Washington (state)

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WASHINGTON is a state located in the Pacific Northwest area of the Western United States, formally known as the State of Washington. It was named for George Washington, the first president of the United States, and was formed from the western portion of the Washington Territory, which was ceded by Britain in 1846 as part of the settlement of the Oregon boundary dispute, in accordance with the Oregon Treaty and the Oregon Territory Act. Washington was added to the Union as the 42nd state in 1889, and it is surrounded on the west by the Pacific Ocean. It is bordered on the south and east by Oregon and the north and east by British Columbia, which is a Canadian province. Although Olympia serves as the state capital, the city of Seattle is the state's most populous municipality. To differentiate it from the nation's capital, Washington, D.C Washington is often referred to as "Washington State."

Washington is the 18th-largest state in the union, with an area of 71,362 square miles (184,830 km2) and the 13th-most populated state, with a population of more than 7.7 million. It is estimated that the majority of Washington's inhabitants live in the Seattle metropolitan region, which serves as the state's transportation, economic, and industrial hub on Puget Sound, a Pacific Ocean inlet composed of many islands, deep fjords, and bays carved out by glaciers. Rest of the state is of deep temperate rainforests in the western part, mountain ranges in the central and northeastern parts and extreme southeasterly parts, and a semi-arid basin area in the east and centre of the state, which is heavily populated by farmers. In the Western United States, Washington is the second most populous state after California, and it is also the second most populated state on the West Coast. Mount Rainier, an active stratovolcano, rises to 14,411 feet (4,392 metres) above sea level and is the most conspicuous peak in the contiguous United States due to its topographic prominence.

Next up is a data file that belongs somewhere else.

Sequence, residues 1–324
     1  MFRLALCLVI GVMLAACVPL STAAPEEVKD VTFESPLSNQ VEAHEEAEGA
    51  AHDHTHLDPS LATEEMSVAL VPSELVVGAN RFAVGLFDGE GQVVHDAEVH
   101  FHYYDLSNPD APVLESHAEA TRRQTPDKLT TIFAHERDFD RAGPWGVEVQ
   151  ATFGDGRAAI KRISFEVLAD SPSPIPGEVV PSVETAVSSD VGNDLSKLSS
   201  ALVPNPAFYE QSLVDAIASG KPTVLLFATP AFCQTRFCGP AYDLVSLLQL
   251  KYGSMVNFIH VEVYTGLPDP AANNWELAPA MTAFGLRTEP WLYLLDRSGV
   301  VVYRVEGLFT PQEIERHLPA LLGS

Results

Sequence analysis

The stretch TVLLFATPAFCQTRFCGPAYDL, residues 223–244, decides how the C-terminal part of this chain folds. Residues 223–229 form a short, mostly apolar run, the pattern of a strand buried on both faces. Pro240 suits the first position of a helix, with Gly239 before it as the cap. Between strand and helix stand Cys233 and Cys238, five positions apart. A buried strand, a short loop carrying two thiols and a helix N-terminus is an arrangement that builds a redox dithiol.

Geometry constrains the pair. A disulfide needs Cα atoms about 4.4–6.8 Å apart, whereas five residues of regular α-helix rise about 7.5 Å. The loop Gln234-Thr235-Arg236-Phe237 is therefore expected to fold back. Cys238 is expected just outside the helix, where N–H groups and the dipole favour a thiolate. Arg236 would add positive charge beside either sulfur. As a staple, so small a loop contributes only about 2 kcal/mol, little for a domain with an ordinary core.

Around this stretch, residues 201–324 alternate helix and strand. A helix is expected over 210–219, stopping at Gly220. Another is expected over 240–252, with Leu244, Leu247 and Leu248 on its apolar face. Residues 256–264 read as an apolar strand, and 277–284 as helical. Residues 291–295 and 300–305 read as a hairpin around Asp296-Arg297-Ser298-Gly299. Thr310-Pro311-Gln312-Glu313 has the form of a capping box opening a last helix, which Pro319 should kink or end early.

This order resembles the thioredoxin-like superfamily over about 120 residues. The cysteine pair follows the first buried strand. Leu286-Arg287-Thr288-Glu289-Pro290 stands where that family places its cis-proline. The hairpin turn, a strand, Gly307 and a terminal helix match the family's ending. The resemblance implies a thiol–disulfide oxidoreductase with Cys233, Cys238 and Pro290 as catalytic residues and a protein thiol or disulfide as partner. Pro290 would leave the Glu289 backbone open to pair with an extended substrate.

As the world's top timber producer, Washington's mountainous terrain is abundant with forests of Douglas fir, hemlock, ponderosa pine, white pine, spruce, larch, and cedar, as well as other hardwoods. The state ranks first in the production of apricots, asparagus, dry edible peas, grapes, lentils, peppermint oil, and potatoes, and second in the production of hops, pears, blueberries, spearmint oil, and sweet cherries in the United States. It also ranks first in the production of apricots, hops, pears, blueberries, spearmint oil, and sweet cherries. A major contribution to the state's economy is the production of cattle and animal products, as well as commercial fishing (especially for salmon, halibut, and bottomfish). When it comes to wine production, Washington is second only to California.